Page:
The lady of honor was, however, a witch, who had planned to deceive the royal family. She had a daughter whom she wished the prince to marry, but who was neither good nor pretty. When she arrived at her destination she told her errand, and showed Princess Rosamund the picture of Prince Hermes. The girl declared herself ready to give him her hand in marriage if he proved as noble and good as the picture seemed to indicate. Her parents readily gave their consent, whereupon everything was made ready for their daughter's departure. Before Rosamund took leave of her home, she walked three times around the large court-yard barefooted for the benefit of the poor, who were permitted to pick up the gold coin that she left behind her.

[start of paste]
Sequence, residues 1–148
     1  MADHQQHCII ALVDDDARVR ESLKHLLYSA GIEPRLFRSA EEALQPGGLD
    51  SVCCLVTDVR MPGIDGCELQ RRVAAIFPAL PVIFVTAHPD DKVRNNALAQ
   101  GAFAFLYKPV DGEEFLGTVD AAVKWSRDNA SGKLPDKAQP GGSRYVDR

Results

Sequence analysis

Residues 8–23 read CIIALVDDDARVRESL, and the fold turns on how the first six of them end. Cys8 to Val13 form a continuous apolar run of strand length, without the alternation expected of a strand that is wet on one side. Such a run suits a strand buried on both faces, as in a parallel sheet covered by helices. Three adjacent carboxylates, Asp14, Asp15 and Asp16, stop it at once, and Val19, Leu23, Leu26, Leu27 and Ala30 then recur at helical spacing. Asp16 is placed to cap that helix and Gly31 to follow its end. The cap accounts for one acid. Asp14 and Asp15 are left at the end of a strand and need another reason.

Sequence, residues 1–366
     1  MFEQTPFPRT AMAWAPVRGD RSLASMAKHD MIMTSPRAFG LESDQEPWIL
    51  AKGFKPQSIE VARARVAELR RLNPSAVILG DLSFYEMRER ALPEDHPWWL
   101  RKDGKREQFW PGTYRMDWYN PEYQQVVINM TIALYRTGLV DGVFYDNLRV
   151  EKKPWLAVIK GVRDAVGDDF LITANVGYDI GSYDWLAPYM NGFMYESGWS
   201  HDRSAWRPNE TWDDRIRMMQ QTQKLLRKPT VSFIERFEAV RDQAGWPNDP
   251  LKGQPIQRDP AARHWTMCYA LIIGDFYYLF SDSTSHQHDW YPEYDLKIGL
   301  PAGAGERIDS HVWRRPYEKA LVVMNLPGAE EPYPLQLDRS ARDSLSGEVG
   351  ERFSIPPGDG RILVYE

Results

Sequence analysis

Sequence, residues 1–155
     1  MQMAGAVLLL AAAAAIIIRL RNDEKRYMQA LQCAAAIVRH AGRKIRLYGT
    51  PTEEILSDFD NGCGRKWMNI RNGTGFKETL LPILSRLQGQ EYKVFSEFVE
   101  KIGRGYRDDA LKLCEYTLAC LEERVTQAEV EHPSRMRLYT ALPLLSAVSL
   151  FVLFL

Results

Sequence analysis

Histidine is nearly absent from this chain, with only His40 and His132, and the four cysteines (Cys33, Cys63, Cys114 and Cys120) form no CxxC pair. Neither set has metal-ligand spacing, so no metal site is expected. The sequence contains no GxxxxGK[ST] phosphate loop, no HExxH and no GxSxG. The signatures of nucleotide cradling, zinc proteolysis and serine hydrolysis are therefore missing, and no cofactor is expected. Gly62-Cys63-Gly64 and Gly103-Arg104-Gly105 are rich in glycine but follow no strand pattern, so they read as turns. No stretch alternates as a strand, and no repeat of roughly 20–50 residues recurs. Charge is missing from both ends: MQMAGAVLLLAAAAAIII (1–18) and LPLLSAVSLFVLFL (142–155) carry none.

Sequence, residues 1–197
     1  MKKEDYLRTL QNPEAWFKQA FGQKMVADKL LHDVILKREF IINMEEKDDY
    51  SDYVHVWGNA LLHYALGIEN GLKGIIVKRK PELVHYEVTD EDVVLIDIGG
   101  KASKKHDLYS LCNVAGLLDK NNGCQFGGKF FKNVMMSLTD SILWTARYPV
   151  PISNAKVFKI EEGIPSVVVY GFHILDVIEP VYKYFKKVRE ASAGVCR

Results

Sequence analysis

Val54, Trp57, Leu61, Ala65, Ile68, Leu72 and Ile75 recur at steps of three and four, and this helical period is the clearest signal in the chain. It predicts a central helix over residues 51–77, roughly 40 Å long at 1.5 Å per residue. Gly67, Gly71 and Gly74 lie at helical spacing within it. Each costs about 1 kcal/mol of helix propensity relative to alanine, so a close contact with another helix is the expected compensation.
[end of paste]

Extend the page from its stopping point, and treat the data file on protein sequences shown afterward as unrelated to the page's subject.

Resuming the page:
Rosamund and the lady of honor drove in a carriage by themselves, followed by an escort of stately noblemen and guards. When they had travelled a long distance, the witch made a fearful storm gather around them. It became as dark as the darkest night around the place; the escort was scattered, and the daughter of the evil woman emerged from the depths of a black cloud. She and her mother seized Rosamund, who cried torrents of pearls, and robbed her of her beautiful eyes, which they threw into a ditch at one side of the road, while the princess was herself pushed out into the mud at the other side. Now the daughter of the witch seated herself in the carriage with her mother, and away they drove to the home of Prince Hermes.

The unfortunate princess was in the mean time lying in the ditch, bewailing her cruel fate. At length two wagoners who passed along the road heard her voice, and pulled her out of the disagreeable place. Her shoes were lost, her stockings were torn, and when she walked there was a sound like the ring of gold from under her feet. As one of the men bent down to find out the reason of this sound he noticed the gold pieces.